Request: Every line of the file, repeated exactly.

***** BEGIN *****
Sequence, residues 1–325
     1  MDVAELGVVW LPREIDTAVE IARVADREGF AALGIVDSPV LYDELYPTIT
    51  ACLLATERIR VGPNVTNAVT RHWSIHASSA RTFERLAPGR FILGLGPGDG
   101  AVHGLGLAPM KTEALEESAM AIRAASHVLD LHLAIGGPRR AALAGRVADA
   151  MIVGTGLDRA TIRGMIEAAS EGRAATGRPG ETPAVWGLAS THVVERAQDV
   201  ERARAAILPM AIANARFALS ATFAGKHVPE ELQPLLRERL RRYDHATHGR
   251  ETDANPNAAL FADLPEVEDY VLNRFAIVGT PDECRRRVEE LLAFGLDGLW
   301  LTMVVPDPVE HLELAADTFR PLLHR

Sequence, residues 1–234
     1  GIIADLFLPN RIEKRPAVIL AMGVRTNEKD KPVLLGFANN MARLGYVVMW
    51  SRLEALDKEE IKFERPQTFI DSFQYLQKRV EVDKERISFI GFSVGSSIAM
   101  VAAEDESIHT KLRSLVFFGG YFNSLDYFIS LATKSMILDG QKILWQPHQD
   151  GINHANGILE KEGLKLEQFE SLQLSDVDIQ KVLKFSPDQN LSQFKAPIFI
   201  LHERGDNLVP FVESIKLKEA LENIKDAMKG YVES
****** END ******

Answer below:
Sequence, residues 1–325
     1  MDVAELGVVW LPREIDTAVE IARVADREGF AALGIVDSPV LYDELYPTIT
    51  ACLLATERIR VGPNVTNAVT RHWSIHASSA RTFERLAPGR FILGLGPGDG
   101  AVHGLGLAPM KTEALEESAM AIRAASHVLD LHLAIGGPRR AALAGRVADA
   151  MIVGTGLDRA TIRGMIEAAS EGRAATGRPG ETPAVWGLAS THVVERAQDV
   201  ERARAAILPM AIANARFALS ATFAGKHVPE ELQPLLRERL RRYDHATHGR
   251  ETDANPNAAL FADLPEVEDY VLNRFAIVGT PDECRRRVEE LLAFGLDGLW
   301  LTMVVPDPVE HLELAADTFR PLLHR

Sequence, residues 1–234
     1  GIIADLFLPN RIEKRPAVIL AMGVRTNEKD KPVLLGFANN MARLGYVVMW
    51  SRLEALDKEE IKFERPQTFI DSFQYLQKRV EVDKERISFI GFSVGSSIAM
   101  VAAEDESIHT KLRSLVFFGG YFNSLDYFIS LATKSMILDG QKILWQPHQD
   151  GINHANGILE KEGLKLEQFE SLQLSDVDIQ KVLKFSPDQN LSQFKAPIFI
   201  LHERGDNLVP FVESIKLKEA LENIKDAMKG YVES